The introduction of the Protection of Personal Information (POPI) Act provides consumers with the security and knowledge that their data will only be used for sanctioned purposes. However, this has a significant impact on businesses, which have enjoyed the benefits of mining the data of consumers to add value to their businesses and inform their marketing strategies.
The aspects of the Act that apply to companies are not yet in effect. However, the projected one-year period between enactment and compliance is relatively short, so we advise companies to start their journeys towards compliance as soon as possible.
The Act challenges companies to find a balance between deriving substantial value from client information, while refraining from using this available data in a manner that would be perceived as detrimental to the individual.
The POPI Act introduces data management legislation to which all companies that process personal information must adhere. These principles include making the individual aware of the purposes for which any personal information will be used, and destroying the data after this purpose is achieved. Companies are also responsible for ensuring that the correct safety measures are in place to keep the data confidential and unaltered.
Consumers can also control the status of their data under the Act, requesting deletion of personal information when the data is no longer relevant.
In short, this legislation will require companies that deal with personal information to invest in the best security systems and processes, and employ IT staff members that are familiar with these systems and the legislation.
This highlights an important issue of trust between companies and their employees. Data now has significant value and employees need to be trusted with the level of information to which they are exposed, as well as their ability to honour the POPI Act’s distinction between personal information and special personal information. This latter category includes more sensitive information such as race, religion, criminal records and medical history. These are subject to higher security standards. This means that companies need to ensure that different tiers of data are subject to corresponding tiers of security.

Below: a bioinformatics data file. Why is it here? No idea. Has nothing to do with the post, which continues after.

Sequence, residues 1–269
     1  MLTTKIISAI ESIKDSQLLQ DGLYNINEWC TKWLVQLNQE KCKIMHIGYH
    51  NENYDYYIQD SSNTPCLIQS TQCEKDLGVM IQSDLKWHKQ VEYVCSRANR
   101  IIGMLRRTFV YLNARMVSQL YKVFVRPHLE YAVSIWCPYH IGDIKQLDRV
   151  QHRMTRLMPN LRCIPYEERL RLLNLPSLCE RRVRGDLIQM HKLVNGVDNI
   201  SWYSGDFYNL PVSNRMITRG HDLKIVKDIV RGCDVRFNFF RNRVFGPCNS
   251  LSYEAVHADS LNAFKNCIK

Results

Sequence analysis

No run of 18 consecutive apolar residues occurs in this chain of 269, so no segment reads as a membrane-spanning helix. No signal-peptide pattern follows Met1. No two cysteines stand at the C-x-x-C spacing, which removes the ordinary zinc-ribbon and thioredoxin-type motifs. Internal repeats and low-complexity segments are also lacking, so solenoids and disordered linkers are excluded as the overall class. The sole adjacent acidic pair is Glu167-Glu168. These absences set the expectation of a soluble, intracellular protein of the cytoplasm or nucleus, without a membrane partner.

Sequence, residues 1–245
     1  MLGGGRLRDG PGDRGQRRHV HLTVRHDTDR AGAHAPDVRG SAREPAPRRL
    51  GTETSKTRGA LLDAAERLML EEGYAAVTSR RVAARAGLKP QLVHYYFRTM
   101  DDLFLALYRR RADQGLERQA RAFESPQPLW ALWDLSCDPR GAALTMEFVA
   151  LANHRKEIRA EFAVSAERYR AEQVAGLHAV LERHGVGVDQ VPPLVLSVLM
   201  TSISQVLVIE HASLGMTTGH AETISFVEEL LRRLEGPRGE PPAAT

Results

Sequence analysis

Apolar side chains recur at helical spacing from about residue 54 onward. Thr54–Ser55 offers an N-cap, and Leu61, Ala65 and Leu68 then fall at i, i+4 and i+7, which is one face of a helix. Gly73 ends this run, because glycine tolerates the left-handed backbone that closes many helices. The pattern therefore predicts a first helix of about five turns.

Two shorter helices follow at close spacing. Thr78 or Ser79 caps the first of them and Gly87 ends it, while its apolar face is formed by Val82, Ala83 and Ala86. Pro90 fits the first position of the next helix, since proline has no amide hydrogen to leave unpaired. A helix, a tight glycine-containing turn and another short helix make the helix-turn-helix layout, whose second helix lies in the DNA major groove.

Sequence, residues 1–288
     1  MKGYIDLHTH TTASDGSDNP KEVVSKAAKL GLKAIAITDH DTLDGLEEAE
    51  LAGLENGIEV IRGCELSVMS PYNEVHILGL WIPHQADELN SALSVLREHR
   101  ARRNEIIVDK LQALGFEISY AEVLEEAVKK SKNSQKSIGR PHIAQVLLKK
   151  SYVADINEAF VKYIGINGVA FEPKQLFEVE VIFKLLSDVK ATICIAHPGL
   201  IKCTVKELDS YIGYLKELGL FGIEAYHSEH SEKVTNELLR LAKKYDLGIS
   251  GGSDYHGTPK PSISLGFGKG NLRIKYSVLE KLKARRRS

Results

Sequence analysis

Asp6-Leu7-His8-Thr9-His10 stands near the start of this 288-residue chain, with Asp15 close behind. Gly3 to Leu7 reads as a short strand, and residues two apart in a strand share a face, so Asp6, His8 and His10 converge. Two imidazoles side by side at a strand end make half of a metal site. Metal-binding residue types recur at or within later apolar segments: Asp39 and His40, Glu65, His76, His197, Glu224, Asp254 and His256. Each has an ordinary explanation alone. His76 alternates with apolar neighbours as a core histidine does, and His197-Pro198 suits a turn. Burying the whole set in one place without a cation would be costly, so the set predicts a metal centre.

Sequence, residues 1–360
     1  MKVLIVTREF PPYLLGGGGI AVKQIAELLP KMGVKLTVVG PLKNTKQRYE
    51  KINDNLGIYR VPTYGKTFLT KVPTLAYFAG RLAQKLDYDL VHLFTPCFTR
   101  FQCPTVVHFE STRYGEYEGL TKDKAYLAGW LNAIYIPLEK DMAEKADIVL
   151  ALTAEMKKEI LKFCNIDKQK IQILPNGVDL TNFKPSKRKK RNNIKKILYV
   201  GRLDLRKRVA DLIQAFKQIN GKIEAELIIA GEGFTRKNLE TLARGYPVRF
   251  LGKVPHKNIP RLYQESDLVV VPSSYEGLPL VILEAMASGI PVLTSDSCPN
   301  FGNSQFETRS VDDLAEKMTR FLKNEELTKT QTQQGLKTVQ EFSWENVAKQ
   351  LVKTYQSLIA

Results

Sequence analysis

This will likely evolve into the creation of specialist IT positions in larger companies, which deal specifically with POPI compliance. New titles such as privacy officers are already beginning to surface.
Managers in charge of data storage need to look at the Act carefully to ensure that standard practices, some of which may have been in place for many years, do not violate the Act.
For instance, many companies hold data for a set number of years before destroying it. However, the POPI Act instructs companies to get rid of data once it has served the purpose for which it was collected. Businesses need to ensure that they keep all the legal intricacies of the Act in mind when dealing with data. For instance, when a contract with a client ends, it is advisable to keep the data on file for a number of years, in the event of a dispute. However, after this period, the data has to be destroyed in a manner that makes it irretrievable.
Companies may also want to look closer to home in terms of website hosting and compliant software. Local software producers and IT practitioners know the provisions of the Act and can be better positioned to ensure compliance.
In conclusion, the importance of the security of personal data cannot be underestimated and not only to the consumer. Hackers have shown how inventive they are when it comes to accessing personal information. When a company’s database is hacked and this information is made available online, the brand image and trust of that company are easily destroyed.